This policy brief addresses risks tied to Russian business ownership in Georgia. The concentration of this ownership in critical sectors such as electricity and communications makes Georgia vulnerable to risks of political influence, corruption, economic manipulation, espionage, sabotage, and sanctions evasion. To minimize these risks, it is recommended to establish a Foreign Direct Investment (FDI) screening mechanism for Russia-originating investments, acknowledge the risks in national security documents, and implement a critical infrastructure reform.
On October 3, ISET Policy Institute and Zinc Network organized a public presentation: A Study on Risks Associated with Russian Business Ownership in Georgia. The event was attended by representatives from local and international institutions, civil society organizations, and the broader public.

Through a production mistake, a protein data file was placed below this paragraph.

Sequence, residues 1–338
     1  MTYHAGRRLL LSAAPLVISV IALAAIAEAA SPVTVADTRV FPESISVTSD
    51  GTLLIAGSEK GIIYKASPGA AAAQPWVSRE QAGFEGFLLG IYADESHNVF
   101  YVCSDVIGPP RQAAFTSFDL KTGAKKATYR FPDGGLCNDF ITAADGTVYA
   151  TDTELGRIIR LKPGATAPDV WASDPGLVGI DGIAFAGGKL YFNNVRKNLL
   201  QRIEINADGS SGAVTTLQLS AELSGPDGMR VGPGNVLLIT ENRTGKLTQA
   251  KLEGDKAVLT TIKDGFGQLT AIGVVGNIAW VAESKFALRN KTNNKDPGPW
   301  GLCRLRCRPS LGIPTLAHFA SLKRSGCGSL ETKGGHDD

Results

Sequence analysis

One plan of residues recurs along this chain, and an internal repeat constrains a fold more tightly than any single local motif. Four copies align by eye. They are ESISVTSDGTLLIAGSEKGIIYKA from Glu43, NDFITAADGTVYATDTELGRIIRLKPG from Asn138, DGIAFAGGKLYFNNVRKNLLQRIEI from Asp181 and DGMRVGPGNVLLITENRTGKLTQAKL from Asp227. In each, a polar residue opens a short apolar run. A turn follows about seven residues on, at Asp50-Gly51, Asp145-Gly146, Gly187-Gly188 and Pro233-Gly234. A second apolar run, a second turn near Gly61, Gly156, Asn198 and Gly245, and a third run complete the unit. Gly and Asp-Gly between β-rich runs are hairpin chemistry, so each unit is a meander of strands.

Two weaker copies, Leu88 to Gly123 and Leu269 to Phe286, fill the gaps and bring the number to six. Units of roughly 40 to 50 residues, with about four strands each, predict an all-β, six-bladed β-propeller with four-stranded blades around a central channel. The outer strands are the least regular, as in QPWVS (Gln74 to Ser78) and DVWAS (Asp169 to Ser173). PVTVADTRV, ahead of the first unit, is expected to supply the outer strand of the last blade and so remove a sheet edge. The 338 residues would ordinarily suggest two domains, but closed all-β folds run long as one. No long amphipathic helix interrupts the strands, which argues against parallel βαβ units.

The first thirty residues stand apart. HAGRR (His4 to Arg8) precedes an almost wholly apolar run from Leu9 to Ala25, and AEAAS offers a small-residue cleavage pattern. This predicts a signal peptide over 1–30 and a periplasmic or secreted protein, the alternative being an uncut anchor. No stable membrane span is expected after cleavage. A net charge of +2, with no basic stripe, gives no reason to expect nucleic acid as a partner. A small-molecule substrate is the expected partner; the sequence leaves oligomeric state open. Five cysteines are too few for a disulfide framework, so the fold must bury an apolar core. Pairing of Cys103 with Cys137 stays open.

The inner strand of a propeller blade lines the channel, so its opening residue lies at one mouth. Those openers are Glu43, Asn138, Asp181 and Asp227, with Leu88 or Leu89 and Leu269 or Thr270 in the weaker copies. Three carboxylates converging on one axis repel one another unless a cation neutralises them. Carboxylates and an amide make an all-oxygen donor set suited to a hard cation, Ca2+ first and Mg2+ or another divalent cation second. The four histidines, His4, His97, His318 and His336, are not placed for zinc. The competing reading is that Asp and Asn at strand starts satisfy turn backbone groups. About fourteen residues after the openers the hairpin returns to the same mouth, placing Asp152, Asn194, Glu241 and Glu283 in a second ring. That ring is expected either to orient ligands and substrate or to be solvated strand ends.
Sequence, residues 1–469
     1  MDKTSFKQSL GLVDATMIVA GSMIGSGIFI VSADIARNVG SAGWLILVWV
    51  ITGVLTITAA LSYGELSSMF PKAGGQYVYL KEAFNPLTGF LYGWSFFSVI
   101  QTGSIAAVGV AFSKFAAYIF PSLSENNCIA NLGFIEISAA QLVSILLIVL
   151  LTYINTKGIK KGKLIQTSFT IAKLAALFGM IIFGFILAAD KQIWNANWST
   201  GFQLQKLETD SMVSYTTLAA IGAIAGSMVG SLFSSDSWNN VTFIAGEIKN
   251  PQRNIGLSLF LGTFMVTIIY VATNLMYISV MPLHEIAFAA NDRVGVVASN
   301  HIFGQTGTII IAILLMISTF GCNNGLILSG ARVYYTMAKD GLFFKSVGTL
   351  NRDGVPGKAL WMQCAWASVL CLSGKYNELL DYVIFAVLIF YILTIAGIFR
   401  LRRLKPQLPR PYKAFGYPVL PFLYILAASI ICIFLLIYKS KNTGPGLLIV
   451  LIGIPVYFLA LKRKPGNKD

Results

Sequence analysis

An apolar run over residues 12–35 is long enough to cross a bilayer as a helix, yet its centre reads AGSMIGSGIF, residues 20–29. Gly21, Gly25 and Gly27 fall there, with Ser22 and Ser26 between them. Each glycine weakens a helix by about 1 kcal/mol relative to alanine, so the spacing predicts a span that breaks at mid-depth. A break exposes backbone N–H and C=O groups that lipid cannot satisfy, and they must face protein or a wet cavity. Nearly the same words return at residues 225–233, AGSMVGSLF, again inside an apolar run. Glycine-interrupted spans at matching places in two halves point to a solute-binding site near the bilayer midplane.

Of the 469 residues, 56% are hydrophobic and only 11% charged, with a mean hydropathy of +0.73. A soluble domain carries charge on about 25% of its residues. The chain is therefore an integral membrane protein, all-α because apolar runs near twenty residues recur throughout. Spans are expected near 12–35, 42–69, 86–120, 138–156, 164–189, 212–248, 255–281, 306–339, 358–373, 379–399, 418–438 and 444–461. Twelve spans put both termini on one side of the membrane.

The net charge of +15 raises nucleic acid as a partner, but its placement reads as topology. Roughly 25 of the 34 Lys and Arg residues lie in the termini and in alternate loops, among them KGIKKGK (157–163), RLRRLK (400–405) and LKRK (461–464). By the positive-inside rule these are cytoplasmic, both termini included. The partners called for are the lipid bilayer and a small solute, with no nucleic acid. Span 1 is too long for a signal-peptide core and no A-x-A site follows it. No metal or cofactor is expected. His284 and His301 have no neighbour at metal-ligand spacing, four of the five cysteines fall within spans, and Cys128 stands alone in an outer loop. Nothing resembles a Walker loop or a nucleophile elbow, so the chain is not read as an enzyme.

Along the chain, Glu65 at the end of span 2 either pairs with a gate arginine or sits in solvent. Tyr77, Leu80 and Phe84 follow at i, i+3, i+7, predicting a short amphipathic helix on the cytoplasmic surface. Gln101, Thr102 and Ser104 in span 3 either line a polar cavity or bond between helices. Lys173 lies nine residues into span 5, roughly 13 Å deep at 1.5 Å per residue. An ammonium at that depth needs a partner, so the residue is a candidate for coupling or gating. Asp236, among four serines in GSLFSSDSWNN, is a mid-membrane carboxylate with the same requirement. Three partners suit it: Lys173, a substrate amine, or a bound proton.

To identify the specific risks associated with Russian business ownership, this study draws upon a comprehensive literature review and conducted expert interviews. The study places Russia within the context of a global threat actor and examines the exploitation of private business ownership by hostile state actors as a hybrid threat.
On March 29, the ISET Policy Institute hosted a policy presentation on the economic impact of
According to the data, Georgia holds 5th place in the world in terms of entries from Russia in January-September 2022 (with 662,852 exits of Russian citizens from Russia to Georgia-controlled territories recorded in the first 9 months, or 4% of the total recorded exits from Russia).